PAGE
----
Selecting the poster
Maybe this waterfall,
two banks for trees,
quiet in the distance, air and light,
some fake picture of God’s country.
Mute, you have no input
on the image you'll see
before you die,
the one we'll tack to the
flimsy ceiling above your bed
at Aurora Senior Living.
Already you gaze above us,
beyond us, as we lean down
into your face, flat
from the morphine, to search
your eyes for memories, for what?
You’d prefer a pin-up girl,
no doubt, but we look
for something a baby would like—
strong solid shapes
that pass the squint test,
lit branches, sun, sky,
coming through to something,
At the hospice meeting,
of choking protocols,
And sure, by all means,
a poster would be nice.
Burning The Lumber
We’ve gone from ten back-yard piles to six,
now four, soon none. Making room
for tree swings, cordwood, bicycle racks, gardens—
My sister sweats, back and forth from the piles
to the bonfire in new shock-red work gloves,
pitches the boards one by one into the flames.
I rush out when I see smoke over the sheds.
But we’ve been through this already, I’ve agreed to this.
My brother busies himself elsewhere,
can’t witness the wasted work, the cost,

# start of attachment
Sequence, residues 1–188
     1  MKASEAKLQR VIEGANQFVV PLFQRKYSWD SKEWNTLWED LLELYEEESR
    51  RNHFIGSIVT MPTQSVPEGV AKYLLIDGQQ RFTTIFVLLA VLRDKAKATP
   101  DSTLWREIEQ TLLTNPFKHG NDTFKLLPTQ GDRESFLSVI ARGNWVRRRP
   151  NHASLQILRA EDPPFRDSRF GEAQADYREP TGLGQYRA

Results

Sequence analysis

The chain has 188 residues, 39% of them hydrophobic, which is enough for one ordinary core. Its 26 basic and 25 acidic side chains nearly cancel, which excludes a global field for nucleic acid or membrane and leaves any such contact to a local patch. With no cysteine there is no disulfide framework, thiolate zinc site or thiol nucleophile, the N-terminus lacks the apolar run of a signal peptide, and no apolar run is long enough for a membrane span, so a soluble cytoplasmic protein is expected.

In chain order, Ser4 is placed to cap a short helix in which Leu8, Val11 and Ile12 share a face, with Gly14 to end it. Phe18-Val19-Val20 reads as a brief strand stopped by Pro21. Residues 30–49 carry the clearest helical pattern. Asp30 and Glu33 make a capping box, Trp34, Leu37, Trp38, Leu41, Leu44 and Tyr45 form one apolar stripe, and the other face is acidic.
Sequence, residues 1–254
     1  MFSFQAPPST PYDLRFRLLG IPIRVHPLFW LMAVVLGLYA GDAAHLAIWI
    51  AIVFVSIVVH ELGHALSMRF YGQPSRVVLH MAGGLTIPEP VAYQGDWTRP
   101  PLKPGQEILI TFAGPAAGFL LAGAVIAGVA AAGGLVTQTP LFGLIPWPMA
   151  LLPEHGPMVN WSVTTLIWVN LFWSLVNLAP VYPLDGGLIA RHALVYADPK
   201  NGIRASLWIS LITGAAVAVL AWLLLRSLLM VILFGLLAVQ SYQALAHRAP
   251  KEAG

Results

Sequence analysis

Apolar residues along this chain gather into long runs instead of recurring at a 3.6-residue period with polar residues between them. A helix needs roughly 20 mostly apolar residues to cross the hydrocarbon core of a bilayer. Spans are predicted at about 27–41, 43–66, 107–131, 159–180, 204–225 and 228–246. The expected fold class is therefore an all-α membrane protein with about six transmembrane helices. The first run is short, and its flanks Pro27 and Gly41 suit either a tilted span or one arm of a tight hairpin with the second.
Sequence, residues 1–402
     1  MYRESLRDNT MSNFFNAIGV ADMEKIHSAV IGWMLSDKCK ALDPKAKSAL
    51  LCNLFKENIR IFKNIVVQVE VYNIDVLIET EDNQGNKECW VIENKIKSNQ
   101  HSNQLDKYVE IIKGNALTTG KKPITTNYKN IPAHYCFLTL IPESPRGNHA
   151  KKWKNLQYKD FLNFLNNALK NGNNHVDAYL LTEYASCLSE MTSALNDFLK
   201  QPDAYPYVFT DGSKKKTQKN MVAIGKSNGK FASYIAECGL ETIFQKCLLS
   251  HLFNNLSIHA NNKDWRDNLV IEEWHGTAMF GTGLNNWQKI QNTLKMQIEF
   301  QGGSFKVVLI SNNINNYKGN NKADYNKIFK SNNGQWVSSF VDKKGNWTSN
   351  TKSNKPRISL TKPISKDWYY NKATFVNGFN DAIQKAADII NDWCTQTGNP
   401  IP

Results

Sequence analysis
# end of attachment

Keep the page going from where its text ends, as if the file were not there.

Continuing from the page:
like rotten seed packs,
never planted, never bloomed.
Our father milled these boards on a diesel-run sawmill
behind the orchard woods the year he and my mother split.
He slept in a cobbled cabin set on blocks—
water in jugs, awkward visits, disintegration.
Twenty years and the lumber
has gone to the skunks, chipmunks
and beetles. A house unbuilt,
a raft never launched into the back pond.
Boards with the ridged etchings of the blade
so I will remember that he made them—
pushed the blunt logs through the mill
imprinting them- his mark.
My mother keeps a small pile for a raised bed,
someone holds back the curly maple.
In the urgent burning rush,
I race my sister, drag a few pieces aside.
Swallows hasten over pines and hemlocks.
Ashes set off from the blaze,
burning sky lanterns
pulled into the wind.
Two poems for my father Joseph T. Birch 1943-2019
Anna Birch is a writer and artist living in Hollis, NH, where she shares her ancestral home in with her husband, son and extended family. In addition to writing, she teaches art to youth and adults. Since studying poetry at UNH, she has been an active part of the NH poetry community for many years, participating in various school programs, workshops, and readings, including as a member of Portsmouth’s City Hall Poets since 1995. She is currently working on a memoir and a book of poems. .